In his private, contemplative novel, Enon, author Paul Harding describes a year in the life of Charlie Crosby - grandson of George Washington Crosby, the protagonist of Harding's 2010 Pulitzer Prize-winning novel Tinkers. Set in Enon, the same fictional town as Tinkers, Charlie is devastated after his thirteen-year-old daughter Kate is hit by a car and killed, and he's not altogether surprised when his wife leaves him shortly thereafter. (Don't worry, there are no plot spoilers here this information is given in the first paragraph of the novel.) He narrates the story reflecting back on that year, flowing in and out of the present moment, reminiscing about when Kate was alive, recalling memories of his grandparents and his childhood, imagining what life might be like if the rules of time and space could be bent:
It is the case in particle physics that when two photons are collided together in a particle accelerator, new particles are created in the collision. As I marched home along the old railroad tracks in the western part of Enon Swamp one freezing dawn, after another night of labored and aimless roving, I thought about Kate on her bicycle and the car hitting her. Instead of her and the bike being pulled up underneath the car and mangled, I imagined an explosion and a burst of light out of which three cars and three bikes clattered, and three Kates tumbled too...
While the construct of the story and the progression of the plot feel artificial in many places, once Harding finds his way into his long, introspective, almost mythical passages, his writing particularly about death is gorgeous. He has a unique talent for blurring the lines between the present and the past without slipping into the world of the bizarre, and Charlie's sad, imaginative, wandering mind is something to savor:
Digging up the cold, grainy coffee with the yellow plastic scoop made me think of Kate's ashes and for a moment the coffee became her ashes and I was performing the suburban variation of a ghastly pagan ritual, abominable to all good folk, during which boiling water was percolated through the ashes of the dead, her essence imparted into the water and absorbed by the person who drank the cannibal tea.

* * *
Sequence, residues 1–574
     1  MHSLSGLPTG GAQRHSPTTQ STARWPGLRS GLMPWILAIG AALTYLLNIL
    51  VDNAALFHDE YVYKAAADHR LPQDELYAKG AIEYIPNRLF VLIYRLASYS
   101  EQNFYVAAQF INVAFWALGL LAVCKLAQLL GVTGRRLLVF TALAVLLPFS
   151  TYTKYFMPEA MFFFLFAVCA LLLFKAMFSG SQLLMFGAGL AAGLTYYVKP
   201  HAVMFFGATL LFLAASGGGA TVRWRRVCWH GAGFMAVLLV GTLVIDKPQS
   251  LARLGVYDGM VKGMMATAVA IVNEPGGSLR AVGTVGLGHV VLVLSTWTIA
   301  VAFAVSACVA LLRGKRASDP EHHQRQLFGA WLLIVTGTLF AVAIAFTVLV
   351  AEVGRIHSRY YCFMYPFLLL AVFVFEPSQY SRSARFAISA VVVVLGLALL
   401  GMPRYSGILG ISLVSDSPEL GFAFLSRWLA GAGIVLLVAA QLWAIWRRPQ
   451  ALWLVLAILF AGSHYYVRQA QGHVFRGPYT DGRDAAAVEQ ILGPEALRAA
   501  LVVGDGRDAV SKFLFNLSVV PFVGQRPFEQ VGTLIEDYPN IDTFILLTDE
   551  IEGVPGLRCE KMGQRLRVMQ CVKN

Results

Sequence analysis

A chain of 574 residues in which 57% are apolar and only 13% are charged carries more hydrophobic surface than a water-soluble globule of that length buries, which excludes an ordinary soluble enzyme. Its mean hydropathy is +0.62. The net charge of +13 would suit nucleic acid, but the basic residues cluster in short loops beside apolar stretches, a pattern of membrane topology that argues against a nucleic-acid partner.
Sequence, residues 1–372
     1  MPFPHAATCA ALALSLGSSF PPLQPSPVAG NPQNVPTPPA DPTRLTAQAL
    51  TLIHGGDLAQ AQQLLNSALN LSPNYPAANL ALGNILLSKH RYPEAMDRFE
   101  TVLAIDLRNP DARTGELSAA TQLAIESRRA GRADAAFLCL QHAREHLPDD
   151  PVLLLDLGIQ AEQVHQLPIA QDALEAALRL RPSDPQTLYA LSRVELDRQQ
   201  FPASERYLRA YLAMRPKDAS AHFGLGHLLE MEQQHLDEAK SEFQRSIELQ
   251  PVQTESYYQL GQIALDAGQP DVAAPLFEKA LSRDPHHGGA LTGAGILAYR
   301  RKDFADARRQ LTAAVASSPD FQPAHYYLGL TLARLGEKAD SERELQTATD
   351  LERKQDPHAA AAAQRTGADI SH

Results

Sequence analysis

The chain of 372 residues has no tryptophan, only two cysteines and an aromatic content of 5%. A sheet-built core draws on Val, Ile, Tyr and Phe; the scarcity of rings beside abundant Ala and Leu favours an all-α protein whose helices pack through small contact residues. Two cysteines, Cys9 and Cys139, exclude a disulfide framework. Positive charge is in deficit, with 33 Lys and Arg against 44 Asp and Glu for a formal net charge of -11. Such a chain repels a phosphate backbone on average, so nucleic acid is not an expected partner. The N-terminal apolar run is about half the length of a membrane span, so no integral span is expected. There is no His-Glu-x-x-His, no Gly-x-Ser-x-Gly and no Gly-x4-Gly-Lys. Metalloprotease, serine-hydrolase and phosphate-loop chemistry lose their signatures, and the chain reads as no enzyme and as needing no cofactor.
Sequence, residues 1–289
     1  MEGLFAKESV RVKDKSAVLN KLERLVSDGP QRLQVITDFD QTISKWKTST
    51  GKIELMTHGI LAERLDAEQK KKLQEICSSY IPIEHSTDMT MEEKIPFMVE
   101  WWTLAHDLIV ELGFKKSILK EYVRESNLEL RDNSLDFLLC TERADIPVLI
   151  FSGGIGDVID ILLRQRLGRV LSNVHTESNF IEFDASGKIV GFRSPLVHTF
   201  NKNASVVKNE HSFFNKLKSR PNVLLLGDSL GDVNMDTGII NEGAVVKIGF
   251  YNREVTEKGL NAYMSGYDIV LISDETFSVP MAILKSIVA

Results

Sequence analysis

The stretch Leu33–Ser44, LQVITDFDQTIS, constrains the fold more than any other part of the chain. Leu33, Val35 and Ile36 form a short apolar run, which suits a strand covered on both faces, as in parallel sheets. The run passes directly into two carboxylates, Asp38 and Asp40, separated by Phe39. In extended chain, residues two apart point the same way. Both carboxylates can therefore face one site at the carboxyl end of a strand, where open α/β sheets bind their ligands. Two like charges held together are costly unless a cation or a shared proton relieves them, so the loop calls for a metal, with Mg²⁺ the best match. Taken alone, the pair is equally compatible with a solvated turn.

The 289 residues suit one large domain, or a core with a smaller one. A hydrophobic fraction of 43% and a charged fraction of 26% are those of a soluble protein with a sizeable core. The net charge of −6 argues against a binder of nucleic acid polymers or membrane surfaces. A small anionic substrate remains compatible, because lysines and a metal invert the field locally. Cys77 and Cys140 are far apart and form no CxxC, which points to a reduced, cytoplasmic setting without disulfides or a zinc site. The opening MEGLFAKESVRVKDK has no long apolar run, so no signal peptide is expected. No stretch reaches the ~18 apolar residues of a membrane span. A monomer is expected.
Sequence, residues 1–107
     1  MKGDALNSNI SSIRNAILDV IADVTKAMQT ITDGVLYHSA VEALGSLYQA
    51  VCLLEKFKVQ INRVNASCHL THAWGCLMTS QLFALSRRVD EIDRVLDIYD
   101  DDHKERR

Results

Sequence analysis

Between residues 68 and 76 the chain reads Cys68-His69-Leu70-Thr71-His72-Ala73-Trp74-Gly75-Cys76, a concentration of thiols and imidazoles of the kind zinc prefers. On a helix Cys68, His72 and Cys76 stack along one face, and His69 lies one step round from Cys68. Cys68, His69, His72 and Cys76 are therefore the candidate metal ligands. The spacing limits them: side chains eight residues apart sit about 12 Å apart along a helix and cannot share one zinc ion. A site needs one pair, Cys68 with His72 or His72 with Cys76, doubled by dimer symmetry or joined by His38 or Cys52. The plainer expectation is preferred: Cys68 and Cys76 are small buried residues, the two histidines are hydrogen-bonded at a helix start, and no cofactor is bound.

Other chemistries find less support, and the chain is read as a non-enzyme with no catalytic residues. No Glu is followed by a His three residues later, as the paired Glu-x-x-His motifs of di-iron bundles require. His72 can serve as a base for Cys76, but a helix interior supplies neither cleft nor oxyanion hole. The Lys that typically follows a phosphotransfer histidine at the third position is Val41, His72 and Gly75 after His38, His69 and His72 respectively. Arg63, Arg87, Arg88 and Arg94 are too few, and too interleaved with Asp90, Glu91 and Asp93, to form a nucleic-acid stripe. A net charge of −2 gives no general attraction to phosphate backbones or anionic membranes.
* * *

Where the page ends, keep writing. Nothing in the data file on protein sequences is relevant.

As Charlie sinks deeper into his depression, he relies more heavily on pain meds, whiskey, and cigarettes to get through the day. He lives in squalor, hasn't showered "since before the New Year," and lives in a haze of heartache. But despite all that, I never really believed that he was out of control. Throughout his narrative, he seems to maintain a self-awareness and clarity that belies his hopelessness. It's not that he can't pull himself out of this funk, it's that he doesn't want to. At one point he asks himself, "If I claimed I was too weak to bear my daughter's death, didn't that mean I really had the strength?" As the reader, I started to wonder the same thing.
Regardless, Harding's ability to conjure haunting images, blear the boundaries between past and present, and use his surroundings to set the mood of the story is remarkable:
It was easy for me to imagine Kate living in an Enon that existed in the past, though, where all the citizens from all the village's history lived among one another. I could see her newly arrived, walking alone down Main Street, between the cemetery and town hall a disembarkation after a trip across another Atlantic. Kate has dried in the breeze but her skin is salted and her hair, clothes, and beach towel brined. She is pale and still wobbly on her feet from the weeks of the rise and fall of the trip across the ocean
I recommend Enon to readers who enjoy quiet, interior narratives; long (but not belabored) descriptive passages; a strong sense of place; and to those who won't mind spots of weak plot and dialogue in order to get to the good stuff. This is a quick and enjoyable read.
This review was originally published in October 2013, and has been updated for the July 2014 paperback release. Click here to go to this issue.
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